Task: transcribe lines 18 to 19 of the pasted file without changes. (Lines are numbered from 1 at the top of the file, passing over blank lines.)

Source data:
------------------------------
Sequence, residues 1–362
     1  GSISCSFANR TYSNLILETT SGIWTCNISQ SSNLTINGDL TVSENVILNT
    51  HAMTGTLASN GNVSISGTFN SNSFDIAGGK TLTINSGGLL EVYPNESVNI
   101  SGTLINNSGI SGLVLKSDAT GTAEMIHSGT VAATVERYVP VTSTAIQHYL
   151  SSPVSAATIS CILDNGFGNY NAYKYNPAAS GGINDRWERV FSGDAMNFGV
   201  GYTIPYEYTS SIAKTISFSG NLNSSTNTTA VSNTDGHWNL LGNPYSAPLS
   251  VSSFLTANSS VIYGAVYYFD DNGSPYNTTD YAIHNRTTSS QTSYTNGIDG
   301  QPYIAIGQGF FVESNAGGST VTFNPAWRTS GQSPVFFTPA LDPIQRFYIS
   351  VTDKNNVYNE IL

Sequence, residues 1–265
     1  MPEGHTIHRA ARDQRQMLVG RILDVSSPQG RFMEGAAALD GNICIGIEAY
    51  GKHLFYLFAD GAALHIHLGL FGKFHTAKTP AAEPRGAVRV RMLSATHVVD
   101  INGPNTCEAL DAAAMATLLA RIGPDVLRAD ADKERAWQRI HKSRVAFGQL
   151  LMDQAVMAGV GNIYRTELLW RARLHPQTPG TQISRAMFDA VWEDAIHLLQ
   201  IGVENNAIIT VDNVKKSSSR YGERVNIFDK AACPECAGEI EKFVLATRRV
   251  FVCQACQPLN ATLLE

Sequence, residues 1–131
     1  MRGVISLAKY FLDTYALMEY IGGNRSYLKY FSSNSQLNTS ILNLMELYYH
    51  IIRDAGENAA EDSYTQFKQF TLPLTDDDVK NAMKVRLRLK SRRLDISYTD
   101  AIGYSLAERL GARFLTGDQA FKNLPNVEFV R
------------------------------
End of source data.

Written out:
     1  MRGVISLAKY FLDTYALMEY IGGNRSYLKY FSSNSQLNTS ILNLMELYYH
    51  IIRDAGENAA EDSYTQFKQF TLPLTDDDVK NAMKVRLRLK SRRLDISYTD